Lens-Artists Photo Challenge: Here Comes the Sun

“Meaningless! Meaningless!” says the Teacher. “Utterly meaningless! Everything is meaningless.” What does man gain from all his labor at which he toils under the sun? Generations come and generations go, but the earth remains forever. The sun rises and the sun sets, and hurries back to where it rises. The wind blows to the south and turns to the north; round and round it goes, ever returning on its course. All streams flow into the sea, yet the sea is never full. To the place the streams come from, there they return again. All things are wearisome, more than one can say. The eye never has enough of seeing, nor the ear its fill of hearing. What has been will be again, what has been done will be done again; there is nothing new under the sun.
– Ecclesiastes 1:1-9

From 93 million miles away, the Sun’s light and heat affects each day of our lives. It comes to us as an ancient ray, a Source for all of life on this planet. I think of the ancient ways of life under the Sun, and I feel that I was closest to those ways last month on my backpacking trip to the Olympic National Park wilderness coastline. The trailhead is at the place where the Hoh River meets the Pacific Ocean. South of the river is Hoh tribal land.

“The Hoh River Indians are considered a band of the Quileutes but are recognized as a separate tribe. The Hoh Indian Reservation was established by an Executive Order in 1893. The Hoh Reservation consists of 443 acres located 28 miles south of Forks, and 80 miles north of Aberdeen. The Hoh Reservation has approximately one mile of beach front running east from the mouth of the Hoh River, and south to Ruby Beach.” – Hoh Tribe website: hohtribe-nsn.org

All over the beach lie the sun-bleached bones of the Ancients – cedar and fir trees, washed up by the tides in a jumble of giant driftwood. Among these bones you might also find the bones of less ancient giants: whales.

From our beach camp, we watched the Sun slide further and further down into the waves.

My small story of the next day includes the little detail that I slipped in the mud, fell with the weight of my whole body plus my pack on my outstretched left hand, and broke my wrist.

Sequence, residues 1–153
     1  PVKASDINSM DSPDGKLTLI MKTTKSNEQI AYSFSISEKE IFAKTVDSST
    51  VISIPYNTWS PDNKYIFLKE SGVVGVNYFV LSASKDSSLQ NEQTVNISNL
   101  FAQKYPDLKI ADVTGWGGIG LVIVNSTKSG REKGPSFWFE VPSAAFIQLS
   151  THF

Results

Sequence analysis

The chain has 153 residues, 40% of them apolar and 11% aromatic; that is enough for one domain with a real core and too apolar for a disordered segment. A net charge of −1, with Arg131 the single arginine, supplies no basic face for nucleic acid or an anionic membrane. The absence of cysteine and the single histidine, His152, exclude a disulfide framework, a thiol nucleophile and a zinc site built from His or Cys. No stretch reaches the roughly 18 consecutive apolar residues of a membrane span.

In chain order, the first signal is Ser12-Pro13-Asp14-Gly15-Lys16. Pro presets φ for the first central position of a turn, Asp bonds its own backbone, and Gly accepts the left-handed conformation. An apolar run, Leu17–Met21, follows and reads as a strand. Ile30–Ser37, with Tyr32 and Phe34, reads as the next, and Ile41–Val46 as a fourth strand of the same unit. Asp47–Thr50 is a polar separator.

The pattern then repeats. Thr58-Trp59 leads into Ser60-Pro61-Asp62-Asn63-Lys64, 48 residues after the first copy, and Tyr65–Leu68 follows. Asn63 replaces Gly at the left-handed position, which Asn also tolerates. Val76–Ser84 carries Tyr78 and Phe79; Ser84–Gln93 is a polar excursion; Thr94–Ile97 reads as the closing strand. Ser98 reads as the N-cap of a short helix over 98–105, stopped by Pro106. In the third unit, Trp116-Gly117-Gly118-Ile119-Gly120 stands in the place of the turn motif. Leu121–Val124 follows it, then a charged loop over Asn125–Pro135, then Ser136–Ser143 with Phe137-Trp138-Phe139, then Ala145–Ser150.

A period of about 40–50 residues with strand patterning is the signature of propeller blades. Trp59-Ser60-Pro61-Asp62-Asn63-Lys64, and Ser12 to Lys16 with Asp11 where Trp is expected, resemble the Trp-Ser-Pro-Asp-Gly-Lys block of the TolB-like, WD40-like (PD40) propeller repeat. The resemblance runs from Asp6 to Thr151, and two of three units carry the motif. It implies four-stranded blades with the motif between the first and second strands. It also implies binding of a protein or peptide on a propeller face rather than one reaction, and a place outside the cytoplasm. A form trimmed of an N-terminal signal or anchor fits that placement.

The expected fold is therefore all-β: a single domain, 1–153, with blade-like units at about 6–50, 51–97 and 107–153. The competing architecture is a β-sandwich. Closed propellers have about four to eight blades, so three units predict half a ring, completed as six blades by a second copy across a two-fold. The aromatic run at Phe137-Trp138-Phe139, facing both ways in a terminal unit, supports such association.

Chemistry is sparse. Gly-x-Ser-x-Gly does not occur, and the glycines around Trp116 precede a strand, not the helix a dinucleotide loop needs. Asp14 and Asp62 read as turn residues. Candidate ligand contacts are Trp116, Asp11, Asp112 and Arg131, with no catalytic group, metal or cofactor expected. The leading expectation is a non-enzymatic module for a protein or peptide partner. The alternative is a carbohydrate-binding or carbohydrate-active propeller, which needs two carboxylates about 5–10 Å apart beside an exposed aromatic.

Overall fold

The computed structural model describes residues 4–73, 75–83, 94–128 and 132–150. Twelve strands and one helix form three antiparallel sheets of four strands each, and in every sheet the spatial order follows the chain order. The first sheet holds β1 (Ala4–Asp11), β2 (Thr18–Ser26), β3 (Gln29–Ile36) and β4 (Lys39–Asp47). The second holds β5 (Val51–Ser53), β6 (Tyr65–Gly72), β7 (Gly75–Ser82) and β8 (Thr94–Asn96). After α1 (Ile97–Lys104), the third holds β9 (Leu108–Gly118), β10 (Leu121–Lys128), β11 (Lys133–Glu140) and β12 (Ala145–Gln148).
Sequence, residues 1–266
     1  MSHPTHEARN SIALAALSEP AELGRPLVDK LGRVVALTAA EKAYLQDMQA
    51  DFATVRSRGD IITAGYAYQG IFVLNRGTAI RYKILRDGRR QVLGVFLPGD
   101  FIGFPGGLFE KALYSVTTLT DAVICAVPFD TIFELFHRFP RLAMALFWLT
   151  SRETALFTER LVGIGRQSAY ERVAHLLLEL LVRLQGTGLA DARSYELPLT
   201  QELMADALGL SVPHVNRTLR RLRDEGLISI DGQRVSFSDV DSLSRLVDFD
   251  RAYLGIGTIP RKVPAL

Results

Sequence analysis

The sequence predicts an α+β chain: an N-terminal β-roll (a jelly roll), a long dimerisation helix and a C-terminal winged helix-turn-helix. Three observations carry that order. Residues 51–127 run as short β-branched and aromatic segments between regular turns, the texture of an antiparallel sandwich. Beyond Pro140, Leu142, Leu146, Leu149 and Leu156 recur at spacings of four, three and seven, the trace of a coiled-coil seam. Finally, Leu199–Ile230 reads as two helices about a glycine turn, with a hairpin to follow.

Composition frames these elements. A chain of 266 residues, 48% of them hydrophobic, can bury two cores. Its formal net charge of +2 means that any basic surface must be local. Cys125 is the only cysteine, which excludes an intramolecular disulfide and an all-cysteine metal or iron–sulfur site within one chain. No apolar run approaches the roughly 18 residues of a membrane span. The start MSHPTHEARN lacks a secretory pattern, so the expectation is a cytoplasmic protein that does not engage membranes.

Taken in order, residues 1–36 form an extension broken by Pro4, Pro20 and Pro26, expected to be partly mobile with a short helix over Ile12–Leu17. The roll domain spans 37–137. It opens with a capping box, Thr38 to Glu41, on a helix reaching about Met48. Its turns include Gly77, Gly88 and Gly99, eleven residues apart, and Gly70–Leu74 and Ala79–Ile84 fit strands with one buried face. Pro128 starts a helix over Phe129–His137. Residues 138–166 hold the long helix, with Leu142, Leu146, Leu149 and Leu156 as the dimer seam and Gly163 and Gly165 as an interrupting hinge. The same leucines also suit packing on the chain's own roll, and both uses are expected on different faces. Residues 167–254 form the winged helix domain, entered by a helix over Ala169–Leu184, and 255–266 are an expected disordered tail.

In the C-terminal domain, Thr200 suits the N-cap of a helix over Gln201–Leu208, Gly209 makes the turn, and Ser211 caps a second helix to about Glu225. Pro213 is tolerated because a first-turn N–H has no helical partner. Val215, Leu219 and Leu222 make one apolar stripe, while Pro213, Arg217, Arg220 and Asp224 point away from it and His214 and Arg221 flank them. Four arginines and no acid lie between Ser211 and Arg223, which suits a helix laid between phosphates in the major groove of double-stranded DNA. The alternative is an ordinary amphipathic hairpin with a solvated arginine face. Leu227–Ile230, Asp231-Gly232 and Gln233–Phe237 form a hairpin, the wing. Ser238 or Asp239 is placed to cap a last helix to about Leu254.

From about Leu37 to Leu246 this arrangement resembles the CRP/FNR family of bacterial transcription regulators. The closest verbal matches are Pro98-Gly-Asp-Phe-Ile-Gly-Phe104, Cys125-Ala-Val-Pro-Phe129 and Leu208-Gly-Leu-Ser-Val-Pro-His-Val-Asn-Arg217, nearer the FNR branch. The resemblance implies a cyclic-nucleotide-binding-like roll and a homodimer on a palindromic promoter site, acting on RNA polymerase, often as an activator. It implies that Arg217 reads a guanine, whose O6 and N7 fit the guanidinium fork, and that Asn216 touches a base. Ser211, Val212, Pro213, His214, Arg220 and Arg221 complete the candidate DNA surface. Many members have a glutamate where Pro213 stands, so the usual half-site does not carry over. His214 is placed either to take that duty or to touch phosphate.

Being that we were in wilderness and had just come over the most difficult terrain, the quickest way to get to a hospital was simply to continue to trek the next two days up the coast. The tidal tipping points prohibited doing it at any faster pace. With tremendous assistance from my five hiking partners, we continued our journey and saw the Sun go down and come up on this beautiful coast two more times.

Even though there may be nothing new under the Sun, the unexpected can still happen. When my mind is reeling and my footing is uncertain, it’s good to feel the return of sunlight, the assurance of the day’s arc. It gives me the motivation to just keep going and see what will be. And I say, “It’s all right.”

Thanks to Amy for hosting this week’s Challenge. Do visit HER POST to see the Sun in many facets of its glory!

Lens-Artists Photo Challenge: Local Vistas

“I have taken a moment here to rest, to steal a view of the glorious vista that surrounds me, to look back on the distance I have come. But I can only rest for a moment, for with freedom come responsibilities, and I dare not linger, for my long walk is not ended.”
― Nelson Mandela

This week our Challenge host writes, “I bet you love your area too. What are your local vistas? Where do you photograph when you don’t have a lot of time or are not on vacation? What about your hometown excites you? Is it the countryside, city, gardens, amusement venues? This week, tell us about and show us your local vistas.”

I am deeply in love with my local Place – Oregon. I have only lived here (almost) two years, and I have much yet to explore. But the fact that the Pacific Ocean is only an hour’s drive from my front door is a huge selling point. The impact of the Ocean is not to be taken lightly. It helps create the Temporal Rainforest conditions that make the Western portion of this state wet, green, fecund and utterly amazing. I pinch myself regularly when I realize that I am not on vacation – I live here!

My response to the spectacular scenery in this place is to feel a deep and anxious desire to protect it from degradation and educate others about its wonders. I spent this morning in volunteer training at a National Wildlife Refuge an hour away from my front door in a different direction, in the Willamette River valley. I have yet to bring my camera to that Refuge to capture the upland meadow flowers, including show-stopping lupines, that have been lovingly stewarded, but below is a gorgeous marsh in the valley refuge chain that is only a 15-minute drive from my home.

“For most of history, man has had to fight nature to survive; in this century he is beginning to realize that, in order to survive, he must protect it.”
― Jacques-Yves Cousteau

My greatest hope in thinking about this week’s Challenge is that each participant will see with new and affectionate eyes the beauty of their local vistas and be inspired to protect the vulnerable natural features and conditions that create that environment. Thank you, Anne Sandler, for focusing our attention close to home, where our hearts live.